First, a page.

To write Sally’s story, Thompson was given two of Tim Burton’s concept sketches for the character, showing a stitched-together blue woman with long red hair, wearing a low-cut, figure-hugging black and white striped dress, and red high-heeled shoes (Above, left and right). The character is smiling, vampish and buxom. In Netflix’s ‘The Holiday Movies That Made Us’ The Nightmare Before Christmas special, Thompson describes the original Sally design as a zaftig “femme fatale”, closer in look to the titular Corpse Bride from her later collaboration with Burton. Speaking to Jog Road in 2014, Thompson recalled thinking “I was like, well, I don’t understand that kind of girl. I kind of get The Little Matchstick-style girl, so we redesigned her.” (Source: www.denofgeek.com)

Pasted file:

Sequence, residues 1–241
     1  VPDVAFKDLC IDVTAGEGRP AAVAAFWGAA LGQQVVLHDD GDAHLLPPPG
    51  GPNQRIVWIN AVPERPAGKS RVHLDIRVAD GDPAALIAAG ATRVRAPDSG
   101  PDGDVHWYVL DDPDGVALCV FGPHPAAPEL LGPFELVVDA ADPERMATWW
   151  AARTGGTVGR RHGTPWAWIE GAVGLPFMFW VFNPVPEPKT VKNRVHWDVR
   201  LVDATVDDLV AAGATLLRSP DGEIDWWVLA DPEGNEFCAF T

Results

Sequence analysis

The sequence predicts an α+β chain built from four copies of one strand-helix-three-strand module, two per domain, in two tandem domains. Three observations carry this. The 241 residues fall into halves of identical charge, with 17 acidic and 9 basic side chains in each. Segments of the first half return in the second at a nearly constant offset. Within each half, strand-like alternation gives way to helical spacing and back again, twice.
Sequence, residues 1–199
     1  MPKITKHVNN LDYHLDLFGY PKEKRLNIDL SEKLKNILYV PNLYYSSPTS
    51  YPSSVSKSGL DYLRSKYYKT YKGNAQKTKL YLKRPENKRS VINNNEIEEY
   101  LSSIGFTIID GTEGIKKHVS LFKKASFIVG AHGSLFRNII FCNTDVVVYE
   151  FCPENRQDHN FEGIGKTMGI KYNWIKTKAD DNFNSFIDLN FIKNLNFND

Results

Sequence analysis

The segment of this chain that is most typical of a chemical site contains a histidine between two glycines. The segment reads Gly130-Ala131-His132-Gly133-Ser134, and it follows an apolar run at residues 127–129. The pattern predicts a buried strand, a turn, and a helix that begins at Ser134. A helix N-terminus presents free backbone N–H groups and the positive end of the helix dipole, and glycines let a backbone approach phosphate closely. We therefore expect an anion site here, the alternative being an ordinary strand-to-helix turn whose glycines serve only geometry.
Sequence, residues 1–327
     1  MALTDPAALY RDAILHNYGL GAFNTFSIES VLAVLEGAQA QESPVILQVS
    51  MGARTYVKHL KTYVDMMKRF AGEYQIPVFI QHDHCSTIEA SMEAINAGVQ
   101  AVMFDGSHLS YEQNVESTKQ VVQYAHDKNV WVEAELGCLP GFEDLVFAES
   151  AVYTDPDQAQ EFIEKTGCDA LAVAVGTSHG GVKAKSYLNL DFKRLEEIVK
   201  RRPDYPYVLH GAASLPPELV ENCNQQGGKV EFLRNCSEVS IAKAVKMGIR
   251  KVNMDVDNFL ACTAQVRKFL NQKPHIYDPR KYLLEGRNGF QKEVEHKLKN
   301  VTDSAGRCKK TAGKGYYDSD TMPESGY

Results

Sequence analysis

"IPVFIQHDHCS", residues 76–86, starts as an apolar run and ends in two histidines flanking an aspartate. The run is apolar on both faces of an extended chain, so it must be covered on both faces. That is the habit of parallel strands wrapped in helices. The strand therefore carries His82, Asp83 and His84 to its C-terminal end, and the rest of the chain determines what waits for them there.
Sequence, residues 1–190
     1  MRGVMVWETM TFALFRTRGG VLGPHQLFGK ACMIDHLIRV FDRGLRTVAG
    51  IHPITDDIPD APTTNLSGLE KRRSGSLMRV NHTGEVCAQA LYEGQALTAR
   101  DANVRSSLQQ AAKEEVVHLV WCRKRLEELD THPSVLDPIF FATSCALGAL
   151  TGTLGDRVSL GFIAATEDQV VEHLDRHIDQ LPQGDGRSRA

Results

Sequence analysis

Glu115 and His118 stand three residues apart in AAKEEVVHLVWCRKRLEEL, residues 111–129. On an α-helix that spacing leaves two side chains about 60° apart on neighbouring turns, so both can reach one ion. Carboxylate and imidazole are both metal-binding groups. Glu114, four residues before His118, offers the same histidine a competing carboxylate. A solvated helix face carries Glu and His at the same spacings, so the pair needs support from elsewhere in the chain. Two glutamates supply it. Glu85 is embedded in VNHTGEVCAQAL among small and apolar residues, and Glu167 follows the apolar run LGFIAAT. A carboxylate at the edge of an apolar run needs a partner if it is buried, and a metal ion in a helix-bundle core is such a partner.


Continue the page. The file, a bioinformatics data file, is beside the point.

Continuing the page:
www.denofgeek.com)Anybody who saw the 2009 MoMA exhibition of Burton’s artwork might draw a comparison between those initial Sally sketches and a recurring blue character, as seen in 1997’s ‘Blue Girl with Wine’ (above, middle). The Wired profile caption for one of the ‘Blue Girl’ series created between 1992 and 1999 describes how “Burton had some drawings he wanted to bring to life, so he grabbed a Polaroid for the first time and convinced his office mate Leticia Rogers and his costume designer Colleen Atwood to have a little fun with him. Some of the fun inspired the Sally character from The Nightmare Before Christmas.” (Source: